King Charles’s favourite cake is a British classic that splits opinion | Royal | News


King Charles’s favourite cake has been revealed – but it appears it is one that splits opinion it kitchens across the nation.

According to Fiona Cairns’ website, the King’s “absolute favourite” cake is a traditional fruit cake, although not everyone is a fan of the classic.

Indeed, the humble fruit cake often finds itself at the bottom of the dessert hierarchy, with many Brits turning their noses up at this time-honoured treat.

A survey by cake connoisseurs at Jackandbeyond.com, which polled 1,788 people across the UK, placed fruit cake near the rock bottom of baked delights. The survey also found mince pies, Christmas puddings, and angel cakes languishing in the unpopularity stakes.

On the flip side, the nation’s sweet tooth is best satisfied by sticky toffee puddings, red velvet cakes, profiteroles, and tiramisu, according to the survey’s findings, reports the Mirror.

Fiona Cairns had the honour of baking a fruit cake for the King, who turned 75, for his 70th birthday celebration at Ascot Racecourse.

Her website proudly states: “We were asked to include features into the cake that reflected [the-then] Prince Charles’s love of the countryside and everything he does to support it, through his charity The Prince’s Countryside Fund.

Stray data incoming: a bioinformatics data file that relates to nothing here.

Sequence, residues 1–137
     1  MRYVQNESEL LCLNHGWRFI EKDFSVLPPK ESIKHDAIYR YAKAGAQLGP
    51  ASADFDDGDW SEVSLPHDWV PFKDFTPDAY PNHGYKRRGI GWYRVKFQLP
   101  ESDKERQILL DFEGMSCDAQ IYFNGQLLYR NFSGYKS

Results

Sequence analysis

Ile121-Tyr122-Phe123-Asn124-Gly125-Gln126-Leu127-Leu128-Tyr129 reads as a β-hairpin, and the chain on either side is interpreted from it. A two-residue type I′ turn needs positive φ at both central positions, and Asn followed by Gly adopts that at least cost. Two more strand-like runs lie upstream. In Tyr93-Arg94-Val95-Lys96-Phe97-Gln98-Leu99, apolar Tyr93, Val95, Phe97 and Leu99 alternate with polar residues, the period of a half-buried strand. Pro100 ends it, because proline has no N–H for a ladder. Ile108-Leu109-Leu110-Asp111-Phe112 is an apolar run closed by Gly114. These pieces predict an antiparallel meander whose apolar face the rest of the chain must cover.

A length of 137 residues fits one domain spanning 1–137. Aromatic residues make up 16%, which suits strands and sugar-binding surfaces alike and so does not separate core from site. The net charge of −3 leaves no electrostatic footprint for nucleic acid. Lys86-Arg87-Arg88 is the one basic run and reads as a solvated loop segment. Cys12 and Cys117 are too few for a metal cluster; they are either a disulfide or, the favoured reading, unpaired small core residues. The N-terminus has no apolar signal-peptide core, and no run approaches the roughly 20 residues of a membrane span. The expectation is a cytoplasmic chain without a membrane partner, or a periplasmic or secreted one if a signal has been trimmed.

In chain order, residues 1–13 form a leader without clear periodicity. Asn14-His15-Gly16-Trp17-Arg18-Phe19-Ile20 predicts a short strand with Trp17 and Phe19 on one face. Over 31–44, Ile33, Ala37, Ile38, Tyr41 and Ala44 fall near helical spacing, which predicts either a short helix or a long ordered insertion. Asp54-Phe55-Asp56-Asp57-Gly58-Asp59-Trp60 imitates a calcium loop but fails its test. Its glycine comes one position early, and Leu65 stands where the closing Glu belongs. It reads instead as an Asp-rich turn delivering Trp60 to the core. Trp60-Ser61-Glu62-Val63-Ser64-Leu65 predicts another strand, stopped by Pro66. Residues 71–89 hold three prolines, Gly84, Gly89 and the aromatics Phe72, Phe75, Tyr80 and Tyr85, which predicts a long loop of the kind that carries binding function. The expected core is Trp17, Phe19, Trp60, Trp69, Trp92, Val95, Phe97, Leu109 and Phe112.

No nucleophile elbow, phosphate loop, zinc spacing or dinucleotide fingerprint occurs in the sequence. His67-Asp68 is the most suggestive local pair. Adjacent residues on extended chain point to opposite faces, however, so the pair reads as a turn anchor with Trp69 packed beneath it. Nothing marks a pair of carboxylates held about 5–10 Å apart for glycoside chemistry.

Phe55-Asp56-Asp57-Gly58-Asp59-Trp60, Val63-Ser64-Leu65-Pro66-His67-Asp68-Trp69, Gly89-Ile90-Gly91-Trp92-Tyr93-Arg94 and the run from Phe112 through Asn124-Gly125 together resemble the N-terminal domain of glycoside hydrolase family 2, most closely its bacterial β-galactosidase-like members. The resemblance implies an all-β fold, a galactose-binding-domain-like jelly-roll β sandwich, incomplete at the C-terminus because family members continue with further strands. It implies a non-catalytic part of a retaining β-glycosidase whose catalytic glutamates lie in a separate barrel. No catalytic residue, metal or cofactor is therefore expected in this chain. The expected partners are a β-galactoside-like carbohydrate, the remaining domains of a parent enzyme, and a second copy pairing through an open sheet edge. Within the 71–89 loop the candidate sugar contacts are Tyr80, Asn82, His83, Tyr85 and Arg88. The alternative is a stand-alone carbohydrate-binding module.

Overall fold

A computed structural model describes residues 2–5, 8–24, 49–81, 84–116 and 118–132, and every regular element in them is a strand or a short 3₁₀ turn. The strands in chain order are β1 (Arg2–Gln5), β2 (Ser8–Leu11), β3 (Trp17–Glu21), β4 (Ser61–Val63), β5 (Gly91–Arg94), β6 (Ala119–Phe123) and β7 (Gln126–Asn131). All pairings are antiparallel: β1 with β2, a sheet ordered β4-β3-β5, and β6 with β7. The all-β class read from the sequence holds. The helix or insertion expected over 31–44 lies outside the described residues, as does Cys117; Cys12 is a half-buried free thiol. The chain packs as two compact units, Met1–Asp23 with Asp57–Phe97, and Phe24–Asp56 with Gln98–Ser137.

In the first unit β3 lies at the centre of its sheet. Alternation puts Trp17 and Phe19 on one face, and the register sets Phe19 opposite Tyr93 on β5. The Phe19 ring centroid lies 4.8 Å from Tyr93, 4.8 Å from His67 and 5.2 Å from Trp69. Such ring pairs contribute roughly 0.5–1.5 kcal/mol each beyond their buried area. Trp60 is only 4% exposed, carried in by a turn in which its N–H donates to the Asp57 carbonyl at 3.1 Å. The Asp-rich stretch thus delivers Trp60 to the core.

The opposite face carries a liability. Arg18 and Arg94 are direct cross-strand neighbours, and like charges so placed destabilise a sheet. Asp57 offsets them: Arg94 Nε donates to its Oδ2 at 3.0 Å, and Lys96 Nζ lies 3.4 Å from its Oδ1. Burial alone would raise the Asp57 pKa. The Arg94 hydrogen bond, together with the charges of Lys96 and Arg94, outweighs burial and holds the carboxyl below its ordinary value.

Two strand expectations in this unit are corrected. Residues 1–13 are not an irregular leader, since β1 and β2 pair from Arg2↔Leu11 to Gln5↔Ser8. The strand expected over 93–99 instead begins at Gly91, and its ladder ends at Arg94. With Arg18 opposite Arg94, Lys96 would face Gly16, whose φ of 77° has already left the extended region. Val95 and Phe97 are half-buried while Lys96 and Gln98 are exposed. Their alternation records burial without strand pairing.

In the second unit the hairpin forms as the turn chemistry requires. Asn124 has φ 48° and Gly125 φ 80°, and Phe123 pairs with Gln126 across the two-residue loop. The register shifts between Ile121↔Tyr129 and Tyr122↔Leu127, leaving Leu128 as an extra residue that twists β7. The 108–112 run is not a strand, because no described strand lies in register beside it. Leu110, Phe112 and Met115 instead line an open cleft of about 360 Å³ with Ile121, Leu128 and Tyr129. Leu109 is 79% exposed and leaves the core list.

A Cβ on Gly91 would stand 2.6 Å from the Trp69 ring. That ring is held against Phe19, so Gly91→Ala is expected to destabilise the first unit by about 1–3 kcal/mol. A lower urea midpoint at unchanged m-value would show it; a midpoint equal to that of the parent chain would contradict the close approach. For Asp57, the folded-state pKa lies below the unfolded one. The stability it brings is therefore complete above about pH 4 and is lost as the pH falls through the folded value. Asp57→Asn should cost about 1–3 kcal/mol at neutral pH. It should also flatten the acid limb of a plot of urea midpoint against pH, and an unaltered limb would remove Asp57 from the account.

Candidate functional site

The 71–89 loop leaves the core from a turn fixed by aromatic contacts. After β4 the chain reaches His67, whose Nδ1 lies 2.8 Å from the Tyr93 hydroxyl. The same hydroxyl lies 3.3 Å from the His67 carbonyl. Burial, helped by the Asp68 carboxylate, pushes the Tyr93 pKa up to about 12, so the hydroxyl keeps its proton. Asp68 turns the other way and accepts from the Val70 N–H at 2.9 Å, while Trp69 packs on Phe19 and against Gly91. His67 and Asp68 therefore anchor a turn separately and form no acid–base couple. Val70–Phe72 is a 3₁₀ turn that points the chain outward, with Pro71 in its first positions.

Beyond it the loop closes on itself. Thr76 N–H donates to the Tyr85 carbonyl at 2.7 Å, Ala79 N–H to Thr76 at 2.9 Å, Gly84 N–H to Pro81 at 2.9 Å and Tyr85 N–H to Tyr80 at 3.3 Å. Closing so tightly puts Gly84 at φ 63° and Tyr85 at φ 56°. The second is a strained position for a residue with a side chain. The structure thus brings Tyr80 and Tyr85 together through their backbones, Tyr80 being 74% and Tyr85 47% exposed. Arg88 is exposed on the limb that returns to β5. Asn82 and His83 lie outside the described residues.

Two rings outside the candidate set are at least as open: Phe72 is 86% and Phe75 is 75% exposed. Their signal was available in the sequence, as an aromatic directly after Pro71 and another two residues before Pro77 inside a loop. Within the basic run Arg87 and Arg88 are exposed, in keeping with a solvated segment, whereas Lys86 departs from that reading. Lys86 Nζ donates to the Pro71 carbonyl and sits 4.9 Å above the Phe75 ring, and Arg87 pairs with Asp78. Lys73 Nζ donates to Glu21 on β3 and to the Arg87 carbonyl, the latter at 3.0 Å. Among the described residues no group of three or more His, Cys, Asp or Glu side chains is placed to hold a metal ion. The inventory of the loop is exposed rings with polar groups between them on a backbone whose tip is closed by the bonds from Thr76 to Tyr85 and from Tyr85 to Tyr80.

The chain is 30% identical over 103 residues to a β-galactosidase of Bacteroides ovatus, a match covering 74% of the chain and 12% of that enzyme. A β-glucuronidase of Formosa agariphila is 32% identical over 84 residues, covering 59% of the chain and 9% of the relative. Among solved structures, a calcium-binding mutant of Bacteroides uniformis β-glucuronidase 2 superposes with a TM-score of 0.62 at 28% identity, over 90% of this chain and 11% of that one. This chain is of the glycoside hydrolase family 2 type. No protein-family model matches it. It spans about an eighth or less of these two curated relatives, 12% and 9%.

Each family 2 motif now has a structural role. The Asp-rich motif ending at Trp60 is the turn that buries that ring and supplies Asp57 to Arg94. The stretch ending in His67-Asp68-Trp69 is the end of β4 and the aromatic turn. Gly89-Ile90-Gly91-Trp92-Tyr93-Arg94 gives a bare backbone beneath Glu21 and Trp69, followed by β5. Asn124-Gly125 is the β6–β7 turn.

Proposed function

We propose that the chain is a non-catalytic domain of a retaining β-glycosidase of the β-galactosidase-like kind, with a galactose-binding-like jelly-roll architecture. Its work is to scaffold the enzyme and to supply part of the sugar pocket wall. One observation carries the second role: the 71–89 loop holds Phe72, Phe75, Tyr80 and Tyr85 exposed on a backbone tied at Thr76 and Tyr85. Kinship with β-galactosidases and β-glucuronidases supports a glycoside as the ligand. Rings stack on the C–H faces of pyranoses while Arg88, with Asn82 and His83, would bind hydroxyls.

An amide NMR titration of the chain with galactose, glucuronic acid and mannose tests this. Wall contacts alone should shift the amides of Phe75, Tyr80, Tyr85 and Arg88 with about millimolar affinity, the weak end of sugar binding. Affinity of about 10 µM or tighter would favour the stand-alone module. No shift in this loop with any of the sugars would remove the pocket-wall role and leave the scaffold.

Our traditional fruit cake was requested Prince Charles’s absolute favourite.

“Fiona and her team got to work designing and decorating the two-tier cake with delicate sugar craft shapes including rare breed animals, hens, a little basket with eggs, and things that reflect the Prince’s country pursuits hedge laying, dry stone walling, water colour painting, gardening, his racing colours, salmon fishing and polo. The cake was also painted beautifully with meadow flowers and wild grasses.”

Recently, the King and Queen Camilla made a public appearance and chose to watch a play about family betrayal during their joint outing on May 29.

They attended the Royal Academy of Dramatic Art (RADA) to mark its 120th anniversary, following the King’s patronage announcement earlier this month, continuing his late mother’s legacy.

The Royal pair interacted with students over the academy’s present production before they watched an excerpt from ‘The House of Ife’, performed by third-year acting students at the Gielgud Theatre.

Under the direction of Beru Tessema, the play, as described on the RADA website, is about a family who are “forced to confront the traumas they have long tried to bury”. It further details: “As the sun beats down on their North London flat, and the authoritarian head of the family arrives from Ethiopia for the funeral, tensions rise, cultures clash and past betrayals are unearthed.”

Their Majesties picked this production from three ongoing plays, which according to the Academy’s president, embodies the “modern RADA”.



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